Inappropriate use of camphor-containing products may be a common and underappreciated cause of seizures in young children, according to a new study by researchers at Albert Einstein College of Medicine of Yeshiva University. The study, published in this month's issue of Pediatrics, calls for efforts to educate communities about the hazards of camphor and to crack down on illegally marketed camphor products.
Camphor—a naturally occurring waxy substance with a strong, aromatic odor—is found in many consumer products. Scientists have known for some time that camphor can cause serious health problems, including seizures.
Children are particularly vulnerable to the toxic effects of camphor, which is easily absorbed through the skin and mucous membranes. As a result, the FDA limits the camphor content of common cold preparations, and federal and New York City regulations require that camphor-containing products be properly labeled.
Nevertheless, camphor products without proper or complete labeling are widely available and commonly used for medicinal, spiritual and aromatic purposes and for pest control, especially in the Hispanic community.
The Einstein researchers report on three cases of camphor-associated seizures in children seen in the emergency department of a single New York City hospital─Children's Hospital at Montefiore in the Bronx─over a two-week period.
In the first case, a 15-month-old Hispanic boy accidentally ingested camphor cubes that his parents were using to ward off evil spirits. In the second case, a 22-month-old Hispanic boy ate a camphor-containing product that was placed around his apartment to control roaches. In the third case, a three-year-old Hispanic girl had been heavily exposed to numerous camphor-containing products, including crushed tablets spread around the house to control roaches and an ointment that her mother had rubbed on her skin hourly for 10 hours before her seizures began. (Interestingly, this girl and two of her siblings had a history of seizures that may have been due to previous camphor exposure.)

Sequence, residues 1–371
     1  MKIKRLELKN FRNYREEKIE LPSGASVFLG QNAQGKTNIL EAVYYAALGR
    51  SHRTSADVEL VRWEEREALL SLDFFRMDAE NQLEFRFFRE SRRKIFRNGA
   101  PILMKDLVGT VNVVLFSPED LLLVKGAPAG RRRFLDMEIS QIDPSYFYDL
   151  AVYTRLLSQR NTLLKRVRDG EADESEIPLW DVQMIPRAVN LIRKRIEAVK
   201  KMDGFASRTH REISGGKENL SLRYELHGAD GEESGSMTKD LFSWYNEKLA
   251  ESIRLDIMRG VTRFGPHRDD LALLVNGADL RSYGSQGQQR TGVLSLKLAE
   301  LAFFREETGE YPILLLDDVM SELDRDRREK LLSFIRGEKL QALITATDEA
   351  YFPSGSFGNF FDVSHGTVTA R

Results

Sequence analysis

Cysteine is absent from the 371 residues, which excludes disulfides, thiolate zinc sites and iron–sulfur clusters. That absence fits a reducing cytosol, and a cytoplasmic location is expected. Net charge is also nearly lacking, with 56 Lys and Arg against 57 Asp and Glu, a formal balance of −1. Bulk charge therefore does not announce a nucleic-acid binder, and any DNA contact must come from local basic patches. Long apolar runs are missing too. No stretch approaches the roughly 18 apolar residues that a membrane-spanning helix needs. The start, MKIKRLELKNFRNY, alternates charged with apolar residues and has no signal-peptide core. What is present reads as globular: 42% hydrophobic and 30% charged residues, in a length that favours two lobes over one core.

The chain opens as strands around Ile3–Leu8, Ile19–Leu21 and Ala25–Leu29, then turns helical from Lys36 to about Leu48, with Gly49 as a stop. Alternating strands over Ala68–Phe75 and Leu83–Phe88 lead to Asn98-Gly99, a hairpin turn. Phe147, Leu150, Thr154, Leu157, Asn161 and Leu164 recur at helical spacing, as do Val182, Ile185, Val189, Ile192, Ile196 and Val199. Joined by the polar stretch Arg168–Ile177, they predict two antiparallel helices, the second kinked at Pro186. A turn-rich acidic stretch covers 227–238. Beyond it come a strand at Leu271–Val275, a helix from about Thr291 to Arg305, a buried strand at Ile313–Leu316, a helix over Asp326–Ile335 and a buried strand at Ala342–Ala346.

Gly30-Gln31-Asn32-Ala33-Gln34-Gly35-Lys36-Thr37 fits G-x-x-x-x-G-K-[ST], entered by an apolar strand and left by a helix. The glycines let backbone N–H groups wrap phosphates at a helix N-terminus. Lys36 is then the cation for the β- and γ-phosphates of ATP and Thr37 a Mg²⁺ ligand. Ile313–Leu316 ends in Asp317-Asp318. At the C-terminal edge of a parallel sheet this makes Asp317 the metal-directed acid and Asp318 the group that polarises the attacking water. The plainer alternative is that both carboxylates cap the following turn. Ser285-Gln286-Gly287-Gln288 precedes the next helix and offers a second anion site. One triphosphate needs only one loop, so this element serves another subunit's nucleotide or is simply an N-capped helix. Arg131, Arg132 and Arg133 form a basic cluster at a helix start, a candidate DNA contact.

All three children received drug treatment to terminate their seizures, and their parents were advised to stop using all camphor-containing products. The children were all seizure-free when followed up 10 weeks later.
"With the exception of the first case, the information about camphor exposure became apparent only after we directly questioned the parents," said study leader Hnin Khine, M.D., associate professor of clinical pediatrics at both Einstein and Children's Hospital at Montefiore, The University Hospital and Academic Medical Center for Einstein.
These cases highlight the toxicity associated with camphor usage in the community and indicate that inappropriate use of illegally sold camphor products is an important public health issue, Dr. Khine says. "We believe that steps are needed to educate the communities about the hazards of using camphor-containing products and to stop them from being illegally sold."
In addition to Dr. Khine, other contributors were Jeffrey Avner, M.D., professor of clinical pediatrics at Einstein and chief of emergency pediatric medicine at Montefiore; Nora Esteban-Cruciani, M.D., assistant professor of clinical pediatrics at Einstein; and Don Weiss, M.D., M.P.H., Nathan Graber, M.D., M.P.H., and Robert S. Hoffman, M.D., all of the New York City Department of Health and Mental Hygiene.
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